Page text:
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  • AUSTRALIA

    Turnbull's electronic voting pitch is on the right track

    • Edwina Byrne
    • 12 September 2013
    3 Comments

    Malcolm Turnbull's justification for calling for the introduction of electronic voting is that roughly six per cent of voters failed to correctly fill in their ballot papers on Saturday. Electronic voting would stop this senseless waste. Ignoring the fact that electronic voting would disenfranchise the roughly 5.9 per cent of voters whose democratic wish is to draw male appendages on their ballot, Turnbull has a point.

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  • MARGARET DOOLEY AWARD

    Slow down, you're just in time

    • Megan Graham
    • 11 September 2013
    6 Comments

    At a certain point, emotional and mental overstimulation leads to a sort of emotional numbness, as the brain and central nervous system can only respond to so much. With enough dopamine hits from 'likes' on Facebook, and adrenalin spikes from sensationalised news stories, one's emotions can become blunted. That is, with the notable exception of general irritability borne of expecting one's real life to be as fast-paced as one's online one.

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  • ARTS AND CULTURE

    21st century hermit

    • David Lumsden
    • 27 August 2013
    5 Comments

    He carried no phone and sent no text. He had no email address, deleted no spam, recharged no devices, never backed up.

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  • ARTS AND CULTURE

    Blowing up the people smugglers

    • Tim Kroenert
    • 15 August 2013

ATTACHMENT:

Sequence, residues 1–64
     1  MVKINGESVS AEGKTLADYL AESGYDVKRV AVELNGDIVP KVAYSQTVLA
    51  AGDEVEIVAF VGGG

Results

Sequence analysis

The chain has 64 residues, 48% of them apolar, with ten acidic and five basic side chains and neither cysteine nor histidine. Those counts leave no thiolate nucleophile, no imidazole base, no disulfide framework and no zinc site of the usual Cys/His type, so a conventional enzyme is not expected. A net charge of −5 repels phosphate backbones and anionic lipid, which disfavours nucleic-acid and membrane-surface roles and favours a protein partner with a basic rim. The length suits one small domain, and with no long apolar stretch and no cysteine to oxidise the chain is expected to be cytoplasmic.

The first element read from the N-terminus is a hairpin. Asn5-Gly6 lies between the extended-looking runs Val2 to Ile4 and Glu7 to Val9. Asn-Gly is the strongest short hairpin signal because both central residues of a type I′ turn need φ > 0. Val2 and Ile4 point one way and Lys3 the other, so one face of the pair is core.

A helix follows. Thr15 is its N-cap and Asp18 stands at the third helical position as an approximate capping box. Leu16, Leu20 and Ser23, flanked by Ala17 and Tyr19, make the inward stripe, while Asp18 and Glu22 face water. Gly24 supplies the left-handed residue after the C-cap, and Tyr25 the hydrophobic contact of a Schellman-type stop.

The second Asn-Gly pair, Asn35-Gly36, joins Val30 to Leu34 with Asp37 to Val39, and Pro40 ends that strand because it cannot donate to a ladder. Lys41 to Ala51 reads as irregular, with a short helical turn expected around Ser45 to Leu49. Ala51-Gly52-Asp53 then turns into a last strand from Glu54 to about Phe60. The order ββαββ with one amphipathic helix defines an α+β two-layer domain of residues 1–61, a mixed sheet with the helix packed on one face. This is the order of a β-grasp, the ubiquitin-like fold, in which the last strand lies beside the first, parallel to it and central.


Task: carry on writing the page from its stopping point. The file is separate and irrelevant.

2 Comments

    As social commentary Elysium clearly has in mind any country that receives 'unwanted' arrivals of refugees. But it seems particularly timely in Australia, where the political response to asylum seekers who arrive by boat is simply to stop them. The response by the fictional bureaucrat Delacourt, to blow the smugglers' ships out of the air before they reach Elysium, certainly takes the 'stop the boats' mentality to its extreme.

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  • INTERNATIONAL

    Civil liberties in a grave new world

    • Bill Calcutt
    • 09 August 2013
    1 Comment

    Since the turn of the millennium several major technology-enabled developments have significantly altered the balance between national security and civil liberties. In Australia, the hyper-politicisation of national security finds voice in the discourse on the issue of border security, turning a complex humanitarian and policing challenge (asylum seekers arriving by sea) into an enormously controversial and expensive imbroglio.

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  • ARTS AND CULTURE

    Flawed humanity of a police shooting martyr

    • Tim Kroenert
    • 01 August 2013
    3 Comments

    On 1 January 2009, police in Oakland, California shot dead an unarmed African-American man, 22-year-old Oscar Grant. The event sparked riots, and renewed tensions around race and debates about police procedure. Underlying this politicised context is the story of a young father and former drug dealer who was trying, with mixed success, to turn his life around.